While my little man, age 10, has mastered the portal of power and plays Skylanders: Spyro’s Adventure, a fantasy video game that combines video playing with physical characters through a synced portal, (reviewed Oct. 27), kids a few years older are discovering another out-of-this-world “sky” game – Skyrim. Both “Sky” games were released in time for holiday giving and both have been nominated for varying video game awards, including Game of the Year for 2011. They are the coolest of the cool and worth consideration.
Skyrim is a fantasy epic, open-world, role-playing game, rated M17+ for those 17 and older and available for the Xbox 360 Live and Playstation 3. I connected with a 13-year-old who is totally immersed in the game. If parents don’t have a problem with some adult subject matter, the game can be a good mental challenge for teens.
The first Skyrim, The Elder Scrolls: Arena, was released in 1994. The 2011 version with stunning life-like – I mean, sit-back-and-enjoy-the-view-of-a-beautiful-world life-like – snow-packed mountain peaks, lush forest, stunning wilderness and beautiful towns carved into the sides of mountains. This version is called The Elder Scrolls V: Skyrim and will cost you $60.
Play is easy; anyone can roam through the game pressing the joystick forward, backward and turning, etc. The premise is the usual – embark on quests to save the world. But the infinite possibilities and choices make Skyrim unique. This game truly allows the player to control his or her own destiny, offering hundreds of hours of play. It’s an epic, remember? You’ve been warned. Leaving this life for the world of Skyrim is going to take some time.
Start Skyrim, and you will be dropped into a land of the Nords on the continent of Tamriel, where there is a civil war. You are a Dovahkiin, a Dragonborn, a person who has a dragon soul and is anointed by the gods to fight off Alduin, the Nordic dragon-god of destruction. Every choice you make determines the kind of character you are – thief, wizard, warrior – and, therefore, establishes your special skills, spells and powers.
For example, consider the civil war storyline. You can pick a side, either the imperial force led by General Tullius or the rebellion under the leadership of Ulfric Stormcloak. Your decision will have consequences but might be the storyline you want to pursue. You can also remain neutral, which results in the game unfolding in a different way.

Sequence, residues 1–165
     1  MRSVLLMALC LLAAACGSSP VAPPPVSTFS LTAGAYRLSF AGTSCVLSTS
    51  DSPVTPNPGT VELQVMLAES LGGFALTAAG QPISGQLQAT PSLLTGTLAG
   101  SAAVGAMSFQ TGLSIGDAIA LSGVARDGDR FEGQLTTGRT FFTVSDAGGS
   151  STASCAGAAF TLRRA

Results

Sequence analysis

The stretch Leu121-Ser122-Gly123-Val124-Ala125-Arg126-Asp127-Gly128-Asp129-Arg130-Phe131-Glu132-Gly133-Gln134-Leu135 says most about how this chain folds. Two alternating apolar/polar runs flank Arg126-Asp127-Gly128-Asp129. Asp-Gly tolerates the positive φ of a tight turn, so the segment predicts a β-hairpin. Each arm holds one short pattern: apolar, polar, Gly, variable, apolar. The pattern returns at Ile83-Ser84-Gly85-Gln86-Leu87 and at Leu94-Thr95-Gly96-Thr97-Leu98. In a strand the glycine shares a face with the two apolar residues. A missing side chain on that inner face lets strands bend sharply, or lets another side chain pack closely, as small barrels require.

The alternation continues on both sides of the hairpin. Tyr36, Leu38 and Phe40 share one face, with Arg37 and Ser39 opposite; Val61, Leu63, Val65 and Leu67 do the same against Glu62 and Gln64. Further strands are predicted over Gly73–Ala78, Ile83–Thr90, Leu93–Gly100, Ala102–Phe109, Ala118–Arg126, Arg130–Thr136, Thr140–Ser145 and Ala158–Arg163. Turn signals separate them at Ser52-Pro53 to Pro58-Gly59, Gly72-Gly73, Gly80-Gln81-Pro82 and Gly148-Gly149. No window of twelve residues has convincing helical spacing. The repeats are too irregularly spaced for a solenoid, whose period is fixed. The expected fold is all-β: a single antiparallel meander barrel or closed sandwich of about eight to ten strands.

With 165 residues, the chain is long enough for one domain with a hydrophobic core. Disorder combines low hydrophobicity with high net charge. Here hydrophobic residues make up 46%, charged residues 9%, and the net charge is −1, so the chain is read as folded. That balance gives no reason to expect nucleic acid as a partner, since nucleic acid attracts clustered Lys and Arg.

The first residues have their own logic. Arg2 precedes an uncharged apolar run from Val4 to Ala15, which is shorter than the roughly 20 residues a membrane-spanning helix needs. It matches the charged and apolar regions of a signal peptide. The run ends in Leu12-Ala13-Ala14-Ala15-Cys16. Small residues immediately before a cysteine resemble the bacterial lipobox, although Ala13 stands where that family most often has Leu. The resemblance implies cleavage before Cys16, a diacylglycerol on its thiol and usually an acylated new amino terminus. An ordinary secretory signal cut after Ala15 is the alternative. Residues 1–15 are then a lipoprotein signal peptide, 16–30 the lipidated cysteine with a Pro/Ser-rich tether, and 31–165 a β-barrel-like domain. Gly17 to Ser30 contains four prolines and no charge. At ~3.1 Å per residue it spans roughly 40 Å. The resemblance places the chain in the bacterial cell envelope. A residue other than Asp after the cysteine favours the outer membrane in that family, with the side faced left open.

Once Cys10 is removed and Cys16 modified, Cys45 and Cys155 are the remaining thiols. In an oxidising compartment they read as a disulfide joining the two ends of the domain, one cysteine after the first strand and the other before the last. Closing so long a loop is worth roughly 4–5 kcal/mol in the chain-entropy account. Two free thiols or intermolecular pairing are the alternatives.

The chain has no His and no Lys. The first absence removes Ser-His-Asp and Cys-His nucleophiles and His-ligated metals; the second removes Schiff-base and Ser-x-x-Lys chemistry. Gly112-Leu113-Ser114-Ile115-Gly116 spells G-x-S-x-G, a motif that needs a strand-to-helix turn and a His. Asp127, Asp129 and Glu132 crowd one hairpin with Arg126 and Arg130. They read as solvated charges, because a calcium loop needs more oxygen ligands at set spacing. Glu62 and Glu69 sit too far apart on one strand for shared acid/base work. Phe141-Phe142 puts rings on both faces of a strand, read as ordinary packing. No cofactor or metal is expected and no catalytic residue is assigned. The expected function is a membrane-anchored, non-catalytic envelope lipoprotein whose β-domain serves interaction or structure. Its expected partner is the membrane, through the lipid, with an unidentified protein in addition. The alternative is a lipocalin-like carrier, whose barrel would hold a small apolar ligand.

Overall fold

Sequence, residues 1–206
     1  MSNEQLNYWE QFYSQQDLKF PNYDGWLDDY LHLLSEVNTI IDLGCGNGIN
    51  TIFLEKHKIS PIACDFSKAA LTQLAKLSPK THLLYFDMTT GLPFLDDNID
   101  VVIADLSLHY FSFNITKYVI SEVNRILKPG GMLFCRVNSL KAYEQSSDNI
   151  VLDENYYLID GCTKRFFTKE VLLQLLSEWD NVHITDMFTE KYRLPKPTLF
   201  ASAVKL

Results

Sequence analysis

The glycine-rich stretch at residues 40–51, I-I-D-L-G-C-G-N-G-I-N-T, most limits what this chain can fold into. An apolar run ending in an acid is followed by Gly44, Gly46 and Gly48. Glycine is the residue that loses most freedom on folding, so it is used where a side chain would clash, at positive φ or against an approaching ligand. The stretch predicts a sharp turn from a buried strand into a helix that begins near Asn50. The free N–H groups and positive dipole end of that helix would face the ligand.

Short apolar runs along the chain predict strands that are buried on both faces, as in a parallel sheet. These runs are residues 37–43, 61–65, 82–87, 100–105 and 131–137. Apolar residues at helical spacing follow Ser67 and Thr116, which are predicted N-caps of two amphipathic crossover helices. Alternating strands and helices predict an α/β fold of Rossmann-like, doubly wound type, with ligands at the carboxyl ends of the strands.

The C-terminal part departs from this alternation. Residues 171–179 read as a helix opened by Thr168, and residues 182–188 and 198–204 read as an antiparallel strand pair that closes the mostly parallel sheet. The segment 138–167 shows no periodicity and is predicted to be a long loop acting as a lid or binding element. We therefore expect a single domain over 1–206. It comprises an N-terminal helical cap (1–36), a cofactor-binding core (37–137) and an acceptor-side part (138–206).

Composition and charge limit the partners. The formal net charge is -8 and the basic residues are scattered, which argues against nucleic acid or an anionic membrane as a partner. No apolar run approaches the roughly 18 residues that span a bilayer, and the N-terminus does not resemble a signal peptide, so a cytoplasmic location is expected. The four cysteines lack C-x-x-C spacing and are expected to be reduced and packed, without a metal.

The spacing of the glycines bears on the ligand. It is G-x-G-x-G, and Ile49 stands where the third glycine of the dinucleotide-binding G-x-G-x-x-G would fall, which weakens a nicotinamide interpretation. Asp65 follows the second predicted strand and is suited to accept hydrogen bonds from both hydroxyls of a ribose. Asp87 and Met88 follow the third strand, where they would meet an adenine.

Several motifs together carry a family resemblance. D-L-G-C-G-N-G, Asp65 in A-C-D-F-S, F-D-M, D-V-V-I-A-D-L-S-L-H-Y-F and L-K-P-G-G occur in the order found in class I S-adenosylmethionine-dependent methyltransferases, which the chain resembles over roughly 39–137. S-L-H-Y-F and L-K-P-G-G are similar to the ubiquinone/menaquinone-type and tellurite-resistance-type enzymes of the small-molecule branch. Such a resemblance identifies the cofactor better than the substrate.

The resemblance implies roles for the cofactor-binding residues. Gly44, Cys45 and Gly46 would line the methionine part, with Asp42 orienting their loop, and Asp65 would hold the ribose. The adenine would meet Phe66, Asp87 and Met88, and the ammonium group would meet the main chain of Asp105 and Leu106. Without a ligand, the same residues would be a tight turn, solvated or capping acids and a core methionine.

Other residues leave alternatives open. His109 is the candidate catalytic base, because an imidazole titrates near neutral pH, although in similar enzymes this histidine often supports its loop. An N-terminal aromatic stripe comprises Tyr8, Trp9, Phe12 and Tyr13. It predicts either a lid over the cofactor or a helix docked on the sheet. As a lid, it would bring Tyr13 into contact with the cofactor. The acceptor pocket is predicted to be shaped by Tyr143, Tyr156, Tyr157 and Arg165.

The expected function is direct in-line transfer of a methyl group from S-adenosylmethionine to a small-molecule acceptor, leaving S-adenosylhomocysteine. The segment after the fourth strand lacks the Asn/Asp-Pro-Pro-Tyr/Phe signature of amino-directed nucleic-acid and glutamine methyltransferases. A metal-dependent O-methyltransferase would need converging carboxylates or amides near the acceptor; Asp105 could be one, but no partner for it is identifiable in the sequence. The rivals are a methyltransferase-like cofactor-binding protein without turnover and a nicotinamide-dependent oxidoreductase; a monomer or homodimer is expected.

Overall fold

Freewill abounds in Skyrim, including the opportunity to drink and marry. If you drink too much, you may not remember what happened to you the night before. Now there’s a real-life consequence. And if you find someone you fancy – opposite or same sex – you can marry, which also changes your course and adds a new dynamic to your character.
Whatever path your Dovahkiin chooses, you’ll be confronted with dragons – flying, scaled, fire-breathers – for the slaying, and ice trolls, frost wolves and other assorted beasts to be conquered. Monsters aren’t the only way to distract you from the quest. Abandoned mines, overrun fortresses, taverns of drink and ancient ruins are always present for exploration. Skyrim soars with limitless paths, connected and intertwined to engross you beyond your bounded duty.
Non-player characters help direct quests through conversation with the player and can actually be organized to help in combat. There are Guardian Stones that supercharge your ability to learn certain kinds of skills. Search for them and you’ll always have access to enhancements of power and restoration when drained.
Every aspect of this game is elaborate, which is why it’s been nominated for Best Game Design, Best Audio, Best Technology, Best Visual Arts and Game of the Year in 12th annual Game Developers Choice Awards, held in early March.
For intricate, dynamic, free-world, and long play, The Elder Scrolls V: Skyrim could be a good choice for you, too.